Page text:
Hair hasn't been too much of a concern for me, however I did think over getting it cut a little more 'trendy' a while back. I now have my long hair slightly layered at the front to add a little 'flounce', and I really like it, but I don't need anymore! Purple hair looks silly on a pretty girl - why waste money on the bottle? Feeling pretty and having one's hair set in a nice braid or hair-clip is quite nice, and sufficient for anyone. If God gave you lovely red locks, why straighten them or cut it all off? I'm all for fun short hair-dos, if they are not time-wasters - taking time away from things that need doing or a quiet time with Jesus - go for it and enjoy! Please, though, consider letting it hang and be pretty, leaving it long so that when you run into the wind you can feel the lovely breeze pulling it off your face. That is the most beautiful, pretty feeling. Thank you Jesus for giving me a fine head of hair to enjoy and not obsess about!
One's attitude is most defineately part of their outward appearance. We can be greatly influenced by the world around us as to what kind of attutude we should have. Lately, the teen attitude has been saying: "Who cares? I don't. Let's be boring and un-interesting, and sullen." Why? Because that is what the media and the black butchy hair and the ragged jeans and tight slit tops are telling them. I most certainly care if I have a hole in my pants, yet you can buy jeans premade like that. If "your attitude...[is]...like that of Christ Jesus" (Phillipians 2:5), you will shine for him, you will serve others for him, you will only 'not care' in the sense that you don't care if everyone in the whole world knows that you love Jesus and are going to serve him the rest of your life, and you don't care if that bothers someone. That is an attitude that Christ holds dear. You may wonder what I mean when I say that facial expression is a matter of great importance in our society, but please; walk into a fashion clothing store and watch the dead, bored, sullen, un-interested faces of the teenagers within. There is a message which is being given whether they know it or not. "I don't care about anybody." What an awful thought! The many who call themselves part of this rising generation actually have no interest whatsoever in the fact that you or your friend, or their friend, or the entire world, might be hurting. It simply doesn't matter to them. As you might inadvertantly copy these faces, you demonstrate that message to the world too, even if you don't mean to say it. Smiling and laughing or at least looking alert and interested will cause people to look twice and possibly to notice the different kind of person you are. Here is a perfect springboard for witnessing!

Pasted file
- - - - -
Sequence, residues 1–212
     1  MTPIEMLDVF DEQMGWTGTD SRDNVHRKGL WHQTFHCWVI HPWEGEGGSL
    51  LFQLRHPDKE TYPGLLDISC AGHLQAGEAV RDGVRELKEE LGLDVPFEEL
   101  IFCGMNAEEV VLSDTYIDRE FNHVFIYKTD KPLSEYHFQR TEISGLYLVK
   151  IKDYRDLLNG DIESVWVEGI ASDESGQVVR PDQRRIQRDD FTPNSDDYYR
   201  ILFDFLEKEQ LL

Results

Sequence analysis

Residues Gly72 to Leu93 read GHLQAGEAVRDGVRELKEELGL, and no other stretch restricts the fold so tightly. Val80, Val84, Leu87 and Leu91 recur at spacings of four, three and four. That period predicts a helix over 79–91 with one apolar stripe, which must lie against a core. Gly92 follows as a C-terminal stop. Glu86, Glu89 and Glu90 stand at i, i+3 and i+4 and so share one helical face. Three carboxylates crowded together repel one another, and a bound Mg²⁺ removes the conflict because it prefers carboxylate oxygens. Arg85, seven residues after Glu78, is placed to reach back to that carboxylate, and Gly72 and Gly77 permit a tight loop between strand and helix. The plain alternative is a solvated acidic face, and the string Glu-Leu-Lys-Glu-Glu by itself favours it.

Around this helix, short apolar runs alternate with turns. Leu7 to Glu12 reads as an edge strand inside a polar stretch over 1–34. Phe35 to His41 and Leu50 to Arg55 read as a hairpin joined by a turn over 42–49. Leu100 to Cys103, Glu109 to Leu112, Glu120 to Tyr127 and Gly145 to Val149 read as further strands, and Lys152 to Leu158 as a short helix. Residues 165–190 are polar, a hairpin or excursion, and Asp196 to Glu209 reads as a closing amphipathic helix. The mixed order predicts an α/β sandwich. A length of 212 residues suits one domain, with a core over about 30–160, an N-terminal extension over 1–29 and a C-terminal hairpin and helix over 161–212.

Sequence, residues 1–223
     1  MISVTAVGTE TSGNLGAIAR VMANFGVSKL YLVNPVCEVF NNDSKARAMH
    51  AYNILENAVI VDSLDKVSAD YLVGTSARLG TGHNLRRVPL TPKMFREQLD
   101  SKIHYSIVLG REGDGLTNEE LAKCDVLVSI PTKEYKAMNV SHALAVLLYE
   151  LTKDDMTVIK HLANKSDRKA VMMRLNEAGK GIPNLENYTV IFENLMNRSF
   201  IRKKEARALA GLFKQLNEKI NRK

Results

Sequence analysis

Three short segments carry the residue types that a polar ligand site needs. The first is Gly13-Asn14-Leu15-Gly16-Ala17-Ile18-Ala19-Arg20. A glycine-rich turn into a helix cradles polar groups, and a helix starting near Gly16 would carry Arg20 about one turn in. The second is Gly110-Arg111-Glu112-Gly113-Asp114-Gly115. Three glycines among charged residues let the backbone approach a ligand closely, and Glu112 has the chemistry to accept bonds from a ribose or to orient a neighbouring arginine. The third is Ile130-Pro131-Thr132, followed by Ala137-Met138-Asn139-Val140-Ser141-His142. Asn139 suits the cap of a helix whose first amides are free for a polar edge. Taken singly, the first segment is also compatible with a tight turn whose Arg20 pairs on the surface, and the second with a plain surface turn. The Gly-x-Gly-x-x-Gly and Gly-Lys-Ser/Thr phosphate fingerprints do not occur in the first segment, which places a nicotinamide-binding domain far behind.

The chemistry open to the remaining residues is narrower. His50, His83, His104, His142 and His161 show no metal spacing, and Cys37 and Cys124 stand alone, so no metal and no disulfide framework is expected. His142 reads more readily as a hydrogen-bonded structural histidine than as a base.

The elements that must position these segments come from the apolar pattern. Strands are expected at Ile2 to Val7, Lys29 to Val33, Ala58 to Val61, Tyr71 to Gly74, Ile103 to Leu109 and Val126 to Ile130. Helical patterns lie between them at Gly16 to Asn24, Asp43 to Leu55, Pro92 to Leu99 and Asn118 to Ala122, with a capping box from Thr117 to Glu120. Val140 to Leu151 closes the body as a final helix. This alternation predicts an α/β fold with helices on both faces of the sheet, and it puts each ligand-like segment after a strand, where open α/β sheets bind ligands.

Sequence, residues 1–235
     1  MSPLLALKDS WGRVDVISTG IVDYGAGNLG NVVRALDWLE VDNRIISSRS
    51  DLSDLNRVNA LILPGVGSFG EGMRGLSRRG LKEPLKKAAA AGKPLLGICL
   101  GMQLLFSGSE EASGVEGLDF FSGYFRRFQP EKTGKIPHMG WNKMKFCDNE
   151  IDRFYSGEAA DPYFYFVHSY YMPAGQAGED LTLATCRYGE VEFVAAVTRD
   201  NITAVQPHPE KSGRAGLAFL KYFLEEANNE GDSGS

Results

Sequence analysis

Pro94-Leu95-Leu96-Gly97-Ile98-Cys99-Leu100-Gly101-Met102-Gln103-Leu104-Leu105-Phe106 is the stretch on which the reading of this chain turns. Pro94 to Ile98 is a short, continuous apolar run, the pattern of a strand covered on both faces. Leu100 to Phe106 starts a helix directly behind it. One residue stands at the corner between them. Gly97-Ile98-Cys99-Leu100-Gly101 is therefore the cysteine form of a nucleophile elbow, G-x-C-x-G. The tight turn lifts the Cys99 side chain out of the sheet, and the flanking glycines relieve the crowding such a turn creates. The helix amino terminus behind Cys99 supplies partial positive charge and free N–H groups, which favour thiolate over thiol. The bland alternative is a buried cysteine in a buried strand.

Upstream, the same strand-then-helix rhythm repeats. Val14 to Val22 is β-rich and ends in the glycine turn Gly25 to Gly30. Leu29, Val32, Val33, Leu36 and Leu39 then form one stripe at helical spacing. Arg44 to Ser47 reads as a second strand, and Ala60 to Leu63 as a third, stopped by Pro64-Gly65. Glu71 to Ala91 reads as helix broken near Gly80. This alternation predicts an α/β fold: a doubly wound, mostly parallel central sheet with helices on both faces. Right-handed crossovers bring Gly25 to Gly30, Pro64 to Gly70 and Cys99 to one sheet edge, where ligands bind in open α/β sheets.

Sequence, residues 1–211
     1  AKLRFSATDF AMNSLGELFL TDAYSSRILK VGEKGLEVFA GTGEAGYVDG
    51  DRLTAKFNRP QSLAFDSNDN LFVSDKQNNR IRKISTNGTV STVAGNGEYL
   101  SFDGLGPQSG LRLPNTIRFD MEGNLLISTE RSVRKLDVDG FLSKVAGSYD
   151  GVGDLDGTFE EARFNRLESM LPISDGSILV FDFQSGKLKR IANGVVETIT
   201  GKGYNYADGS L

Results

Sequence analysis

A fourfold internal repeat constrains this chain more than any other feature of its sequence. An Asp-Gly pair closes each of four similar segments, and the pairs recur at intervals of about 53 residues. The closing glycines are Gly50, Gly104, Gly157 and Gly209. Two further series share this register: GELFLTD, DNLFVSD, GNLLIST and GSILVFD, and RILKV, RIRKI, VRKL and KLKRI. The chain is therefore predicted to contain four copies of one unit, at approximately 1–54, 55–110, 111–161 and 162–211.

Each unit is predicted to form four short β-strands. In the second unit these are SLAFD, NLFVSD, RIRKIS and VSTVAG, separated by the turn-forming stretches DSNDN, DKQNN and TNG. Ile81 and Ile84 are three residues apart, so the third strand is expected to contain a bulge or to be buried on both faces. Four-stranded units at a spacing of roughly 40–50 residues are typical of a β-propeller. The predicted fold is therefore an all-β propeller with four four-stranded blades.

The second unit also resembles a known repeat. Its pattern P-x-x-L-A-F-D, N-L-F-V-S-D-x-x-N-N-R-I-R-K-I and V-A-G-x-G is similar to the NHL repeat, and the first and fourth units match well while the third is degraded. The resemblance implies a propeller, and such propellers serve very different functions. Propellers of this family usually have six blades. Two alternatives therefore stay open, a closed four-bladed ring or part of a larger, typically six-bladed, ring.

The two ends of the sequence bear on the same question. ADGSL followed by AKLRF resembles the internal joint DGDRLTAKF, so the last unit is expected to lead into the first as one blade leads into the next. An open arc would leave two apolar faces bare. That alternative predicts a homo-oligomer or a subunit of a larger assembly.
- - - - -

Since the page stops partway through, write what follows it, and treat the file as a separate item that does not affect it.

The word 'Religion' is tossed about much in our modern society. I've even heard someone deliberatley say: "Oh, I'm so glad I'm not tied down by religion, and that I can do whatever I want." This is another direct link to the 'I don't care' syndrome. (IDCS! :-) If you can prove to the world by the way you dress, and your attidute, and the way you carry your person that the 'religion' that you are 'tied to' is a faith of great freedom and love and joy - you can glow like the first evening star and cause others to be interested in who and what you stand for. On the other hand if you proclaim that your 'religion' is Christianity, and yet you dress immodestly, and look sullen and appear to have the IDCS (I Don't Care Syndrome), no one around you is going to be particularly drawn to this 'Jesus' that you speak of.
Shine for your Saviour! Shed the old ways of sullen faces and disrespectful attitudes to proclaim your love for Jesus without saying a word! Prove to our sad world that there is a better way to live - something worth far more than 'fitting in' to the latest fashions and trends - and that that way is to follow Christ!